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describing game objects in GDD

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Hello everyone!

 

I am looking for help!

Currently, I am working on technical specification part of my game design document and I have to describe interactions between all entities in our game. Unfortunately, I have no programming skills and tried to search for some guidelines with examples but no luck.

I have managed to find these so far, but it is still not clear how can I use it in my case. 

http://www.gamasutra.com/view/feature/131818/the_anatomy_of_a_design_document_.php?page=5

http://www.gamedev.net/page/resources/_/technical/game-programming/entities-parts-ii-interactions-r3617

 

Is there any other material that can help to understand approach in describing game entities for programmer? 

 

Thank you in advance and sorry for my English.

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Shouldn't a programmer write the tech doc? Write a clear design doc and let the programmer write the tech doc.

Or at the very least do so in collaboration with a programmer (ideally your lead programmer, if you have that as a distinct role in your group). If a non-programmer is going to write the technical document, then it seems like a very good idea to have someone who is familiar with the technical side of both the project and your tools to inform you of how the various elements function and interact, and what is and is not feasible in the context of your project.

 

If you don't yet have a programmer in your group, then it might be worth putting aside the technical document until you've found someone for that role.

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Thanks for suggestions! I have no possibility to communicate with our programmer. The problem is that our game producer considers that describing game entities, their parameters and how they interact with each other is solely task of game designer. And I think I would handle it if I had any complete example.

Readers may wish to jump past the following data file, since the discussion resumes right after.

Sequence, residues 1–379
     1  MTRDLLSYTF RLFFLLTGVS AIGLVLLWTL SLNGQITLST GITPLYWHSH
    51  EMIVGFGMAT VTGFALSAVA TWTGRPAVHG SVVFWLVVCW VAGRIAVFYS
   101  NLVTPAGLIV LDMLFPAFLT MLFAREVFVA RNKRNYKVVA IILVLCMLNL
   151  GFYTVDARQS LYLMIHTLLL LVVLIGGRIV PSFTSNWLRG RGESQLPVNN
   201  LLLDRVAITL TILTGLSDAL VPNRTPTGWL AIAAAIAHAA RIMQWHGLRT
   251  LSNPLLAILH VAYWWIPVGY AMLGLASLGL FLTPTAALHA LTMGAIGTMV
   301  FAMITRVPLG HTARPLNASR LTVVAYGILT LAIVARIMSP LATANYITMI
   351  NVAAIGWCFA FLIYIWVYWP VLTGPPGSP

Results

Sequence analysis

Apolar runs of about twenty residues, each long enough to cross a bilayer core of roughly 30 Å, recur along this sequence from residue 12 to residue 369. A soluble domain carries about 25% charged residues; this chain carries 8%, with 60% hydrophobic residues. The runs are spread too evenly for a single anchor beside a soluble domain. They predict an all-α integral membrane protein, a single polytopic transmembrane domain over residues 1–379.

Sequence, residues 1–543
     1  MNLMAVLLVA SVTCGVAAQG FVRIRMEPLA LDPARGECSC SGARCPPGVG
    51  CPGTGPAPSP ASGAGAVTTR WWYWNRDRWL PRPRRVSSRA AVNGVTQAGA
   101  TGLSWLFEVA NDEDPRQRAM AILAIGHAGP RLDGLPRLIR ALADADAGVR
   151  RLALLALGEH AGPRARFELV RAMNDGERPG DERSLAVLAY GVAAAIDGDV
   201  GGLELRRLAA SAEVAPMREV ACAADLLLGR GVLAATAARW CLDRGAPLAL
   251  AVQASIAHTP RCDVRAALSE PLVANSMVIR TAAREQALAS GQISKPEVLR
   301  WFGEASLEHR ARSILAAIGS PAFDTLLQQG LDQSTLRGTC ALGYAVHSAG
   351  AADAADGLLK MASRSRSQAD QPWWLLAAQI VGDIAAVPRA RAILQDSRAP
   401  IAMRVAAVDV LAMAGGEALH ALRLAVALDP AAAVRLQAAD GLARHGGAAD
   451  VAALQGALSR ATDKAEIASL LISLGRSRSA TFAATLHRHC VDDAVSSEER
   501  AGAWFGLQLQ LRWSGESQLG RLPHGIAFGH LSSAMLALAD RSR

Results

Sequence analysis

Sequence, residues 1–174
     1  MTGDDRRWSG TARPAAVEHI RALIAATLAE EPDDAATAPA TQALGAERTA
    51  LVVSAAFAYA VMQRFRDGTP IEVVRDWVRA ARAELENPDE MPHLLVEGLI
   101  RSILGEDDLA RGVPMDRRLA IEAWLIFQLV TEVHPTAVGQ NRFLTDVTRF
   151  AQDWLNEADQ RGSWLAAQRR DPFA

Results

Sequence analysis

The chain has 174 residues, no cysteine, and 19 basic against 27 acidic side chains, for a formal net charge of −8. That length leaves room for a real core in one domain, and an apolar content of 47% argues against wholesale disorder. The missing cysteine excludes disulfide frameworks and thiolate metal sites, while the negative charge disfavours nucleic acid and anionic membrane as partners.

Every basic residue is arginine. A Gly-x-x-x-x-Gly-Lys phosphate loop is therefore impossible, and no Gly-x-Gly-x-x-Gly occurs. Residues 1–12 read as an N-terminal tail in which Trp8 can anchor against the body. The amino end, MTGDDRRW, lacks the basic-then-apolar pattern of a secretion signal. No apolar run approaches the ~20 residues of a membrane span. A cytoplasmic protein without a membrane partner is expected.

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To my mind, the designer not being able to communicate with the programmer/developer is a scary prospect! I'd speak to your producer and get put in touch right away. It's not an unreasonable request.

 

I'd imagine just describing the interactions between the different entities as you see them in your head in plain English would be useful. Just keep it simple and clear for the programmer to follow. Probably common sense and not very useful advice on my part but I'd try your best to get in touch with the programmer! 

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I gotta agree. Cross dept collaboration is important for any team. Communication silos are going to cause more and more problems as the project advances.

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Thanks for suggestions! I have no possibility to communicate with our programmer. The problem is that our game producer considers that describing game entities, their parameters and how they interact with each other is solely task of game designer. And I think I would handle it if I had any complete example.    

Poor you...

 

Well, just write something generic like "player character entity: walk (environment), jump (environment), shot at (entity enemy), open door (environment, key entity required in inventory container)". It will be pretty useless to the programmer but the producer should be happy.

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sound like the producer wants you to simply list the entity types, and what they can do in the game.

 

i'd assume they would then pass those design specs on to the dev team to figure out whats doable and whats not.

 

perhaps confirm with your producer that this is the game plan before proceeding.

 

the siloing might be due to the producer's need to keep tight control over the process for some reason. but it prevents the synergies you get from team interactions between all levels.  uncontrolled interactions can lead to chaos.

 

actually, all of this sounds very scary to me. a producer who doesn't encourage the team talk to each other, a designer who's not sure what to do - how the heck did you become the designer? (nothing personal here - but you see what i mean?).   something smells fishy to me. don't know if its just a case of the blind leading the dead, or perhaps some sort of scam.  maybe i'm just paranoid.   glad its not me, that's all i have to say.

 

a good rule of thumb, whenever in doubt about an assignment, its always good practice to go to one's superior for guidance. it shows you want to get the job done, and done "right" (whatever your boss's definition of that is). those types of employees get descriptions like "self starter - takes initiative". - a highly prized quality in any employee.

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